Adjusting to Changing Temperature as You Spray

As the day warms up, think about adding more retarder. October 3, 2007

I was spraying some ML Campbell Polystar the other day, and ran into some trouble. In the morning, everything I was spraying looked great - nice even pattern and finish from the gun. As the day went on, the temps rose up to mid 80's, and I started having trouble with orange peel. I couldn't figure out why this was happening. I assumed it was the gun, which is a relatively new gun to me - an Accuspray 19 conversion hvlp. Since I have owned this gun, I have had a lot of trouble getting a consistent finish with it, so I figured for sure that it was the gun that was causing the trouble, except that I actually got good results in the morning.

I am wondering if others find this kind of trouble when spraying throughout the day? Do you need to adjust for the temperature? I thinned the finish a little at the end of the day, and it seemed to help some, but I wasn't sure if that was the right thing to do.

This was my first time spraying this particular finish, and I should mention it was tinted white. However, a couple of months ago I was spraying Enduro tinted white and was having the same problems, and that was when the doors were shut and the heat was on...

I am still trying to figure out if this gun is not working properly, or if I am doing something wrong. Prior to this gun I used a Turbinaire for 10 years and never had this kind of trouble with inconsistency and orange peel. Thanks in advance for any thoughts on this!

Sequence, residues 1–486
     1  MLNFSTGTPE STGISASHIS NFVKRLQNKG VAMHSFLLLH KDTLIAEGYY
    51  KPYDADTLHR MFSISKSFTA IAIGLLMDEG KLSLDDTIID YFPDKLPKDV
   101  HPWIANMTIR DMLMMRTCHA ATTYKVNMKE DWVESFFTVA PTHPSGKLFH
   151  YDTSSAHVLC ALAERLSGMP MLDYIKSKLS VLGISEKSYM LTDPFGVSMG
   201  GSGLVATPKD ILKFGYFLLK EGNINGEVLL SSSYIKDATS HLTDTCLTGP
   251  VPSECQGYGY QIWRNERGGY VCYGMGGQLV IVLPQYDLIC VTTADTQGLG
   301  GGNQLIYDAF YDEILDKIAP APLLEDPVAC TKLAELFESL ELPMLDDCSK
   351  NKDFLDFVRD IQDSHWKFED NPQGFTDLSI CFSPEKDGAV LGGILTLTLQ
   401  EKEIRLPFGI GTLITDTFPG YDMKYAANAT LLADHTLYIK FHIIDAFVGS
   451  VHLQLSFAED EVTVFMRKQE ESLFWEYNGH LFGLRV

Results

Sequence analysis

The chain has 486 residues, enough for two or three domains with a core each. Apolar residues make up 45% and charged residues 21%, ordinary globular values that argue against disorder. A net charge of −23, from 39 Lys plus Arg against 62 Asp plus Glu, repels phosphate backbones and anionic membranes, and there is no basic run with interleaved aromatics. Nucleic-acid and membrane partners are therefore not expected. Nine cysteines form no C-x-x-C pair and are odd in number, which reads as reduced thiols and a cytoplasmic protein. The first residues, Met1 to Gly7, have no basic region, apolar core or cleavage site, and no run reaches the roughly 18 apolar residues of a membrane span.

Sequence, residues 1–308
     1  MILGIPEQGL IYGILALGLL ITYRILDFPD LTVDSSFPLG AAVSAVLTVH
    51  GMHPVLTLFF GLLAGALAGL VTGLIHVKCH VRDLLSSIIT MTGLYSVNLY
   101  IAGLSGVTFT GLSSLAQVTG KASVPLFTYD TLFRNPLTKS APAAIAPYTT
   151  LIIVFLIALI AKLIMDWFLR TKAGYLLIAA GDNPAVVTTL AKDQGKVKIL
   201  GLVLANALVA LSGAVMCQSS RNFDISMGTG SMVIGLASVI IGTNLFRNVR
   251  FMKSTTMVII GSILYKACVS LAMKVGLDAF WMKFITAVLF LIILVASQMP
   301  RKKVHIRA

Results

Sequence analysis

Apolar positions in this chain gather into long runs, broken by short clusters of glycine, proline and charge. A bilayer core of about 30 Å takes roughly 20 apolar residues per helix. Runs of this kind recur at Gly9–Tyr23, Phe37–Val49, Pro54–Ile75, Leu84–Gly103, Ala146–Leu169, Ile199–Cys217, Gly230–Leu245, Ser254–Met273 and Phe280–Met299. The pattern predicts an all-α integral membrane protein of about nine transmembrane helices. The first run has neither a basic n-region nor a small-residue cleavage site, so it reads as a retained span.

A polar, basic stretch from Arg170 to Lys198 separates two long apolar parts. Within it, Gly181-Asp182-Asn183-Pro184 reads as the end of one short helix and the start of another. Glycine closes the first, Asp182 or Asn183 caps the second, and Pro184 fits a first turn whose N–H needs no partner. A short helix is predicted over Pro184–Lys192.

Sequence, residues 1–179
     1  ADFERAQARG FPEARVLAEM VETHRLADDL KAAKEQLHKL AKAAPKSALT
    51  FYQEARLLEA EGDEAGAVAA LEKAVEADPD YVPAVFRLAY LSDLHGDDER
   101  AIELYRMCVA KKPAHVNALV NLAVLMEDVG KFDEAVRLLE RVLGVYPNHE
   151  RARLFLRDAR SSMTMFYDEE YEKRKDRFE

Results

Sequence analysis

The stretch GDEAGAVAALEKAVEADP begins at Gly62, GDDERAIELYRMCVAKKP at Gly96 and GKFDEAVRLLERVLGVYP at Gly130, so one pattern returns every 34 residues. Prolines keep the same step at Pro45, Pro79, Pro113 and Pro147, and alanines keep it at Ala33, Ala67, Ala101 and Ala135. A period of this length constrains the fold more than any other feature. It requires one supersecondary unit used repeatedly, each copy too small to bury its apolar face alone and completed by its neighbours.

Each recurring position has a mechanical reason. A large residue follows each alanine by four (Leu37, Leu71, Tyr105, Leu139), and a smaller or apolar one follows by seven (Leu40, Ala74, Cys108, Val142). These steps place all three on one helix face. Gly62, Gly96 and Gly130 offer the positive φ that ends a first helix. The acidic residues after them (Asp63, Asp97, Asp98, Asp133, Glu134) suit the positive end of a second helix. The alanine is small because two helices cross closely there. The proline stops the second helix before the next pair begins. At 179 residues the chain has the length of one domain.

Forum Responses
(Finishing Forum)
From contributor J:
I had the same problem just last week while spraying lacquer. I added retarder to slow it down and that fixed it. The higher the temp, the more you have to slow it down to compensate for the faster drying.

From contributor A:
Adding the retarder was the most logical choice to make. But sometimes you don't need to do that because when the temps rise, your paint warms up, causing the viscosity to drop. If your paint is lower in viscosity, you can turn down your atomizing air and sometimes get the same results, as opposed to adding a slower solvent. Just throwing that out there as another possible solution.

From contributor T:
Yesterday I was spraying a 10' ft lobby desk with M L Campbell Krystal. I usually use standard lacquer thinner, but with the air coming in and the booth running, I reduced it with 10% flow enhancer #2 retarder and 5% care reducer and barely had time to get around the desk. It came out fine. It was 10 in the morning, 75 degrees, 80% relative humidity. It really helps to adjust your reducers.

From contributor C:
I have found thinning lacquer with auto grade urethane reducer gives much better results. It was suggested to me by a paint rep that's also a chemist. It's the only way I thin my lacquer now. Much better results!